In a series so stunning he still didn't quite believe it the morningafter it ended, Terry Hutchinson won the venerable Congressional Cup, which was sailed Monday through Thursday at Long Beach Yacht Club in Long Beach, Calif.
With his win in the prestigious regatta, a major event of the international Omega Grand Prix match racing series and often called the grandfather of match racing, Hutchinson, 24, became the youngest skipper to win the Congressional Cup in the event's 26-year history.
Sailing with Hutchinson were Dave "Moose" McClintock, Ed Reynolds, Mitch Brinley, Bruce Lockwood, Ralph Fisher and Mark Snyder.
Theregatta, commonly regarded as a significant rung on the ladder to the America's Cup, was sailed in closely matched Catalina 37s and consisted of a nine-race round-robin series among the 10 competitors. It was followed by a semifinal round between the second- and third-place finishers in the round robin and a best-two-of-three contest for the final title between the first-placer from the round robin and the winner of the semifinal.
A two-time College Sailor of the Year and winner of many important titles in J/24s and other classes, Hutchinson,son of Mr. and Mrs. Philip A. Hutchinson Jr. of Harwood, has deep roots here in the county, where he learned to sail in local junior programs. He currently lives in Traverse City, Mich., where he is associated with Shore Sails Great Lakes.
Although Hutchinson's sailing accomplishments are many, his previous experience in the unique and highly specialized art of match racing was limited to a single regatta, last year's Ficker Cup, which he won to qualify for a slot at the Congressional.
As opposed to the more familiar fleet racing, match racing "is different but at the same time it's not," Hutchinson said, "because it's still a sailboat race. But you know real quick if you'rewinning or losing. The big difference was mental for us. The pressure was really on for every race."
Hutchinson said conditions at Long Beach were generally light through the week, with no breeze exceeding 12 knots and light stuff in the 4- to 5-knot range relatively common.
Hutchinson was a powerful presence in Long Beach from the start, and beat both Australian Gordon Lucas and past J/24 and Soling World Champion John Kostecki of San Francisco in the opening two flights, although he lost the day's final contest to French America's Cup sailor Bertrand Pace.
At day's end, with a score of 2-1, Hutchinson was tied for first with Kostecki, Pace, Soling Olympic gold medalist Robbie Haines of Newport Beach, Calif., and Chris Law, British America's Cup skipper, Soling World Champion and four-time Olympian.
It was heady company for the match racing newcomer, but with Tuesday's four flights Hutchinson's overall performance surpassed his first day's achievements.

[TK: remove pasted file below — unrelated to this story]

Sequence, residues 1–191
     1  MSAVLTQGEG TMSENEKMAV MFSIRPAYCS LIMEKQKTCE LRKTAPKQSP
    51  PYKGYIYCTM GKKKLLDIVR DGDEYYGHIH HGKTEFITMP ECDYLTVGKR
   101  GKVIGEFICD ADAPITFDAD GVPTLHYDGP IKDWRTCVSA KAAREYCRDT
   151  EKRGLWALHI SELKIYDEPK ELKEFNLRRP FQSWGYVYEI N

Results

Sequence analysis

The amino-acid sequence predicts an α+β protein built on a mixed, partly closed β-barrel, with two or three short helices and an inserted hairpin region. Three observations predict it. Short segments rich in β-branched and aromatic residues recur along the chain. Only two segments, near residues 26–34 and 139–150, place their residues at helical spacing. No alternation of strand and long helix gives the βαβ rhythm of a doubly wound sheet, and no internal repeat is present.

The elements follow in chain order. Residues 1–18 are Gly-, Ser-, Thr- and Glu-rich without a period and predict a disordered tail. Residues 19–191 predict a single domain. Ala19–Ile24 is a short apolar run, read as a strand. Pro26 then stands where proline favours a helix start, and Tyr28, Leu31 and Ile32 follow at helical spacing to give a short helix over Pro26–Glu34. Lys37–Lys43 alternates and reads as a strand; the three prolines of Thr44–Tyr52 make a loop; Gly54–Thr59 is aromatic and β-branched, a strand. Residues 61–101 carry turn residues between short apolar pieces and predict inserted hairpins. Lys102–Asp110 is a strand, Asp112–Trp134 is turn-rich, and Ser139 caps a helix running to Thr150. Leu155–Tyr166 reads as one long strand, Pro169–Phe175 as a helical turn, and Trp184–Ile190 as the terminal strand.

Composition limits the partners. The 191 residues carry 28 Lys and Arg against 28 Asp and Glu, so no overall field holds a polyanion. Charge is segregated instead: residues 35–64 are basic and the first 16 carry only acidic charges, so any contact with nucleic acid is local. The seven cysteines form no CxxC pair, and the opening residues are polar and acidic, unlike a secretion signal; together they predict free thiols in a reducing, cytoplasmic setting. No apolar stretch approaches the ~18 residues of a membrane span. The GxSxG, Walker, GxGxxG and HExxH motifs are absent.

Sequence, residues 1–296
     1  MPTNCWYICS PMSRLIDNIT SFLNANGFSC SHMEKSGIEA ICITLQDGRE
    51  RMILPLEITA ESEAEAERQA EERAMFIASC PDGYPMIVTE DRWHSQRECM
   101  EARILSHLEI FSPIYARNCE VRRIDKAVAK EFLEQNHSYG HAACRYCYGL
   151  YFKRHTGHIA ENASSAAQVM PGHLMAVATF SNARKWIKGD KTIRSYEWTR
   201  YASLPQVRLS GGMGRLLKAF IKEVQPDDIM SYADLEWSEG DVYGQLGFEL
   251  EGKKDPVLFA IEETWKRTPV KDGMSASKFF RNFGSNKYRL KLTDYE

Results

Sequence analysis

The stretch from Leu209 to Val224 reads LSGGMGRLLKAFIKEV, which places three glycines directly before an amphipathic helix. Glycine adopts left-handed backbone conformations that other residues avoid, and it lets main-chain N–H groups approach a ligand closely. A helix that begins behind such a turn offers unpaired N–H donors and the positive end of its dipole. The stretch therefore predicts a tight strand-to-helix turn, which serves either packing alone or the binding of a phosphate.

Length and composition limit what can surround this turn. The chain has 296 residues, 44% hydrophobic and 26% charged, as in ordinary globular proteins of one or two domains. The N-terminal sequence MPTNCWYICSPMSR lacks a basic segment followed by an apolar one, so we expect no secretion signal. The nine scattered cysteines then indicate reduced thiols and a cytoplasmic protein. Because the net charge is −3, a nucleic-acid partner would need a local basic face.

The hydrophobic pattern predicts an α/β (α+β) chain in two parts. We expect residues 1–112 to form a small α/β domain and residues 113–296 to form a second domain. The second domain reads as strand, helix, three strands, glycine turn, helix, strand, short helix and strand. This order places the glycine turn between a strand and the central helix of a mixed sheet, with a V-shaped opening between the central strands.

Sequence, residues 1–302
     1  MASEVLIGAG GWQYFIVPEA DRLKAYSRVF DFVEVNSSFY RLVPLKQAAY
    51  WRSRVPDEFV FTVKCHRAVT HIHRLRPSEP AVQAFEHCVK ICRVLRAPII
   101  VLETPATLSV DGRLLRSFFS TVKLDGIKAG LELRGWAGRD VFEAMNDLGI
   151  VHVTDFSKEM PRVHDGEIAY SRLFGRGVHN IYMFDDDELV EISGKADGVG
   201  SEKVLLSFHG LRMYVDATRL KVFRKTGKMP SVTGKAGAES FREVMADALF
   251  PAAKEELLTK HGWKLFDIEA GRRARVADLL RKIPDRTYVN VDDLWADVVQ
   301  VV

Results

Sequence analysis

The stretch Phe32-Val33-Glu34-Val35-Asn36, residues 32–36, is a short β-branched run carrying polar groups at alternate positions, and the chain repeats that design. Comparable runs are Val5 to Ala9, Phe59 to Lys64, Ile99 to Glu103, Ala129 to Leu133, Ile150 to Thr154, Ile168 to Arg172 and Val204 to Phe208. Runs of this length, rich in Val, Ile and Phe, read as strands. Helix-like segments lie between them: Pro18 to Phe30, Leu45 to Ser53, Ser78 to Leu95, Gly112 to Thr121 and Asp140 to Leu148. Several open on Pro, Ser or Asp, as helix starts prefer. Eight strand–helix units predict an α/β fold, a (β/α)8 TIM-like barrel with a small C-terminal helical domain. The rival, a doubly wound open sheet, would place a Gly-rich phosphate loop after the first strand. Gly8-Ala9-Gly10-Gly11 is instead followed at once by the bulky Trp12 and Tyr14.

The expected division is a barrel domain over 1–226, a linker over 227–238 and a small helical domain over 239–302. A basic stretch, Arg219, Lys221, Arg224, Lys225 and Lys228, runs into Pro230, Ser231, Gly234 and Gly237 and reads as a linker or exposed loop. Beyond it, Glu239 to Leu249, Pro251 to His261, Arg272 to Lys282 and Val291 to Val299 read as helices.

After beating J/24 World Champion and Rolex Yachtsman of the Year Larry Klein of San Diego, Swedish America's Cup skipper and Star World Champion Pelle Petterson, Haines and Law, at the end of the seventh flight of the round robin and the day's racing on Tuesday, Hutchinson was alone at the top of the 10-boat fleet with a score of 6-1. Haines, Pace, and Spanish America's Cup skipper and 3/4 Ton World Champion Pedro Campos were tied for second at 5-2, and Kostecki at 4-3 and Law at 3-4 had fallen to fifth and sixth.
With onlyLBYC's defender, Steve Steiner, and Campos still to go on his dance card for Thursday, the possibility that Hutchinson might win the regatta became very real. Even after the eighth flight, which he won overSteiner, Hutchinson still was the only sailor in the pack with no more than a single defeat on his record, although Campos, Pace, and Haines were still tied up in second at 6-2, very close behind.
The light-air last race of the round robin threw everything into turmoil, however, when Hutchinson lost to Campos while Pace and Haines won their respective matches.
"Going against Pedro, he was just a little faster in the light air," Hutchinson said.
The result was a four-way tie between Hutchinson, Campos, Pace and Haines for first place.
After searching their rule books for guidance on how to break the tie, the race committee moved Hutchinson to third behind Campos, now ranked first, and Pace, ranked second, since Hutchinson had lost his round-robin races to them. Haines, whom Hutchinson had beaten in the round robin, was fourth.
"All the races were really close," Hutchinson said. "In at least half of our races we didn't lead at the weathermark and had to pass boats downwind, which is not bad, since when you come around a mark close behind the other guy you actually have an advantage. We beat Robbie Haines by three feet, and it turned out that that race made the difference, because if we hadn't beaten him, we would never have gotten into the semifinal."
Hutchinson faced Paceagain Thursday, but this time he beat him, earning the right to challenge Campos in the final.